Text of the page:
Jaguar has not had the smoothest road in recent years. As part of Ford, the division has eradicated the reliability issues that plagued the company's products in past years. But other facets of being part of the blue oval have been less rosy. The S-Type, while pretty and traditional looking, did not sell in the volume that was planned, and the X-Type well, that car, based on Ford's compact Mondeo, never really gained traction in the U.S. Profitability has been elusive.
The new XK, introduced in 2007, shows a new, better way. It replaced a ten-year-old model which itself restored some of the smooth style associated with the historic British marque. Available in coupe or convertible form, it is a worthy successor to the iconic XK-E, or E-Type, Jaguar. Just look at that oval grille on the softly rounded front. There's even the hood bulge of the E-Type, connoting sensuousness and power.
The rest of the car, including contemporary lighting and bumpers, reads 21st century, which is a good thing. "Power vents" behind the front wheels are part of the new design scheme of chief designer Ian Callum. Handsome 18-inch "Venus" design wheels support the package.
The XK's interior is refreshingly plush and carefully wrought. The leather seats hold you tight but comfortably. My Emerald Fire test vehicle featured a tasty Caramel interior with genuine Burl Walnut trim. This wood is carefully prepared by Jaguar's craftspeople in the traditional way. The new model is significantly roomier than its predecessor, so driver and passenger can stretch out a bit more.
I especially enjoyed using the intuitive seven-inch central touch screen with its large, colorful control areas. I was surprised to see the seat heater controls on the panel. They had no physical dash buttons, a first in my experience.
The XK offers thrilling performance with its naturally-aspirated 4.2-liter V8. The 300-horsepower all-aluminum engine pushes the 3,700-pound XK from zero to 60 mph in just 5.9 seconds. Jaguar's engineers have carefully tuned the exhaust system to give the XK the "right" sound sporty but not too noisy.
The V8, with 303 lb.-ft. of torque usable in a wide RPM range, sends power to the rear wheels through a six-speed ZF automatic transmission. You can shift manually using Jaguar Sequential Shift through steering wheel paddles, a first for the XK. Drive-by-wire electronic throttle control adds to the driver's tactile sense of mastery of the car.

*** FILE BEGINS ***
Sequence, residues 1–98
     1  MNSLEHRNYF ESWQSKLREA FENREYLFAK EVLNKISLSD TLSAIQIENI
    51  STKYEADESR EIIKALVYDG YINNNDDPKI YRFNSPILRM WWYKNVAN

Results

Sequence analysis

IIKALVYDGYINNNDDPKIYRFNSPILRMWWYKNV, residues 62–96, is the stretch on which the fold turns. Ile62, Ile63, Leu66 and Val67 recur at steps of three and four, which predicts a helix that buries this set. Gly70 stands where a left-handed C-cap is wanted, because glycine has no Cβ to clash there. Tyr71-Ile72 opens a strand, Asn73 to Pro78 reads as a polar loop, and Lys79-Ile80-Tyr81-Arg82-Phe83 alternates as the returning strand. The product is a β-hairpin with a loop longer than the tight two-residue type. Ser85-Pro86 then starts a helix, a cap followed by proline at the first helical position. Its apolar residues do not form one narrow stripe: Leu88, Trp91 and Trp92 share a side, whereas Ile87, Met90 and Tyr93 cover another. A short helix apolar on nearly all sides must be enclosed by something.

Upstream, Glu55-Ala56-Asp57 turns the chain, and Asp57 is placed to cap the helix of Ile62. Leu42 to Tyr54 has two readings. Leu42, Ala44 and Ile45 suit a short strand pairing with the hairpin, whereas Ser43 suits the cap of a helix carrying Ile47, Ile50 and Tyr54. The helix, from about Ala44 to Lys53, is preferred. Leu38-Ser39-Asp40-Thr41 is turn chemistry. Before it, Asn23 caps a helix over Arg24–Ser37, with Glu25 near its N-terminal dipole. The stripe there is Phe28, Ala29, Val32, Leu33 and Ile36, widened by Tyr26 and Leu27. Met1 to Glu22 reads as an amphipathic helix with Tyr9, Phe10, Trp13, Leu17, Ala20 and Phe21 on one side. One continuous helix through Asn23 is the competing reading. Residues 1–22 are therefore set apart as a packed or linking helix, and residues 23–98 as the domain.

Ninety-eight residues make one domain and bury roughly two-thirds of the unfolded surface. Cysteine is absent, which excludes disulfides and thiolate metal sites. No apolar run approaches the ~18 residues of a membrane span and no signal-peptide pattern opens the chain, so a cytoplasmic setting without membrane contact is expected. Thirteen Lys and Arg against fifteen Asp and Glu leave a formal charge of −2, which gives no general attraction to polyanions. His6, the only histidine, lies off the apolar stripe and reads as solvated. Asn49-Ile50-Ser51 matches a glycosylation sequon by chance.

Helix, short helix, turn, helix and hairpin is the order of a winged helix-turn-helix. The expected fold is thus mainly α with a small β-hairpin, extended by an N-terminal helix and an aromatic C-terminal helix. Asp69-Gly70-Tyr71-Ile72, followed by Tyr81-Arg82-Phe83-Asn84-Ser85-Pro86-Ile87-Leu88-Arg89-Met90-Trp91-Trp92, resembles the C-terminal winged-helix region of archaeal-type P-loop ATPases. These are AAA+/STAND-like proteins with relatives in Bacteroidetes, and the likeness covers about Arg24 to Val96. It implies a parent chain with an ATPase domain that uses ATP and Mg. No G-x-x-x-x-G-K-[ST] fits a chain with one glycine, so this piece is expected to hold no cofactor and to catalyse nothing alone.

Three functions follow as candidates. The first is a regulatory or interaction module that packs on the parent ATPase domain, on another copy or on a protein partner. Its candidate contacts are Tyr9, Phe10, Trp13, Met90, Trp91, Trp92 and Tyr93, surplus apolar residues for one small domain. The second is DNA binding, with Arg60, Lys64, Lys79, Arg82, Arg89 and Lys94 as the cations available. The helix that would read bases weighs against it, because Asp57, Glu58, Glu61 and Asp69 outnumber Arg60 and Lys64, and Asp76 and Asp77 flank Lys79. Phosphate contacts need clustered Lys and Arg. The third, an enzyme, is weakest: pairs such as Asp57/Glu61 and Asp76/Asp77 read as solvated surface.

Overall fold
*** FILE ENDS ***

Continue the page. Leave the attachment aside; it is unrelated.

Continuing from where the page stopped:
The EPA gives the XK ratings of 16 City, 25 Highway. Of course, the real world numbers are lower, I averaged 14.9 mpg. The environmental scores aren't bad. The XK gets a praiseworthy 7 for the Air Pollution score and an average 5 for the Greenhouse Gases score.
Despite its two-person, cozy personality, the XK offers significant cargo hauling capacity. Credit its secret hatchback configuration. The entire "trunklid" and window area lifts up and exposes a finely carpeted space with metal and rubber strips ready for your stuff. You lift the hatch the first 20 percent of the way and gas struts do the rest, making it nearly effortless.
Naturally, a car like this comes with every luxury and comfort you'd want. Beyond the usual power windows, mirrors, seats, and so on, a satellite navigation system is standard. There's a no-touch smart key and start system, reverse park control (it beeps out a warning), and a tiny electric emergency brake you flick with your finger.
If you want more, Jaguar proudly offers the turbocharged XKR, with 420 horsepower. Turbo boost cuts the zero-to 60 time to just 4.9 seconds. A new Portfolio Coupe model debuts for 2008 with even more goodies, such as 20-inch Cremona wheels, high-performance brakes, a 525-watt audio system, and leather-edged floor mats. At nearly $100,000, the Portfolio Coupe is one very special Jaguar indeed.
For the XK Coupe like my tester, the sticker price is $75,550, including shipping. Plan to pay a $6,000 premium for the cloth drop-top model. My tester came with the $3,300 Luxury Package, which includes 16-way power seats with memory (instead of the standard 10-way), upgraded soft leather (nice), a heated steering wheel (don't laugh), leather shift knob (isn't this standard?), power folding mirrors (they fold automatically when you turn off the car), and an upgrade to stunning 19-inch wheels.
If you have the cash, the new Jaguar XK gives you a rare combination of luxury and performance in a stand-out package.